Legislators looking to stop extinguishment phase-out for farmers

FASTBy Melissa St. Aude | Casa Grande Dispatch

A plan to strip Arizona farmers of extinguishment credits might be stopped by legislation.

Sen. Barbara McGuire, D-Kearny, and Rep. Steve Smith, R-Maricopa, have introduced nearly identical bills that would prevent the Arizona Department of Water Resources from implementing a rule that would systematically phase out agricultural extinguishment credits in the Pinal Active Management Area.

“I want to see an outright repeal of the rule so that people aren’t living in fear and uncertainty,” Smith said in an interview this week with the Dispatch.

Extinguishment credits represent groundwater that may be withdrawn without the requirement to replenish. They do not affect the ability to farm and may be sold to developers when the farm land is retired. The credits can then be used to obtain a 100- year water supply certification required by law for developers.

In an effort to protect limited groundwater supplies and encourage developers to use other water sources, ADWR had planned to begin its credit elimination schedule this year.

Farmer credits would have begun to decline gradually each year until 2054, when they would hit zero and cease to exist.

Area residents protested the phase out, arguing it would negatively affect farmers and Pinal County’s agricultural economy.

Smith said the rule amounts to the state “stealing landowner rights.”

He began working on legislation to stop the ruling several months ago.

ADWR eventually agreed to delay implementation of the phase out, and the

15-member Pinal Local Water Group was formed late last year to evaluate the rule and consider alternatives.

Michelle Moreno, spokeswoman for ADWR, said since the group is only a few months into its work, the legislation is premature.

“We would like to allow the local water group time to come up with an alternative,” she said.

“The whole point to the committee was to get community members together to discuss options.”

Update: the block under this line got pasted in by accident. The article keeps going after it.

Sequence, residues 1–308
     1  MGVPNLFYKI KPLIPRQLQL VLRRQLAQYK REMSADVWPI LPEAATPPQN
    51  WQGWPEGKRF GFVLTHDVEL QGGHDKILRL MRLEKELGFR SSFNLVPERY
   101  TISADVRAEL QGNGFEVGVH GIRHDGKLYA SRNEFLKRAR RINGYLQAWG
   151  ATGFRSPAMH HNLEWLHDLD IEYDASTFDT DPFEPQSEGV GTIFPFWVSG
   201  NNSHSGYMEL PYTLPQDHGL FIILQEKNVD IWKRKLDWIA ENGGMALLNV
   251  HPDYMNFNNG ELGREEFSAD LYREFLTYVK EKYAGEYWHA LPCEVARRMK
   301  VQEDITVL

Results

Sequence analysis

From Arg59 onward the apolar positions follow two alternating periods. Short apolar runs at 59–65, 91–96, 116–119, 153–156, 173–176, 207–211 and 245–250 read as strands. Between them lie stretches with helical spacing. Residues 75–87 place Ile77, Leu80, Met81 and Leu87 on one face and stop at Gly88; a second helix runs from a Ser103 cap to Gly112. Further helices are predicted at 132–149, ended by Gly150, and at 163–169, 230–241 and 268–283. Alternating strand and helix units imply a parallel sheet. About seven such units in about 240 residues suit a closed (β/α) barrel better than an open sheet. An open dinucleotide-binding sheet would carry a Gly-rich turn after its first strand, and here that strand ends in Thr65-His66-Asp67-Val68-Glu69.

But Smith said the delay creates market uncertainty.

“It’s just kicking the can down the road,” he said.

He has the support of some members of the local water group, he said, and he hopes to see it pass a resolution in support of his legislation.

“We want them on board,” he said.

McGuire said that since the Pinal Local Water Group was formed last year, she has seen little progress.

“I could not sit by and watch farming dry up and blow away in Pinal County nor the taking of water credits without just compensation,” she said in a Dispatch interview.

McGuire believes farmers are the best stewards of the land.

“Farming has been a way of life in the area for decades, as long as I can remember, and it needs to be there for future generations to come,” McGuire said.

At a Tuesday meeting of the Pinal Local Water Group, member Rodney Shedd, an area farmer and co-founder of the agricultural advocacy group Farmers Against State Takings (FAST), told the group he approved of both versions of the bill.

“Both are pretty similar,” he said.

Farmers Against State Takings formed last year to attempt to stop ADWR’s extinguishment credit elimination plan.

Shedd said the group always hoped legislation would be written to nullify the rule.

“It’s been our position all along that this couldn’t be done without going through the Legislature,” Shedd said at the water group meeting.

Should the legislation pass, Moreno said the community would need to consider ways to protect the aquifer and limited groundwater supplies.

“The whole reason for the reduction in credits is to protect the aquifer,” Moreno said.

Senate Bill 1166 was introduced by McGuire on Jan. 23 and assigned to committee.

Its second reading was Jan. 27.

House Bill 2516 was introduced by Smith on Jan. 30 and assigned to committee. Its second reading was on Feb.3.

Note: Rose Law Group represents FAST

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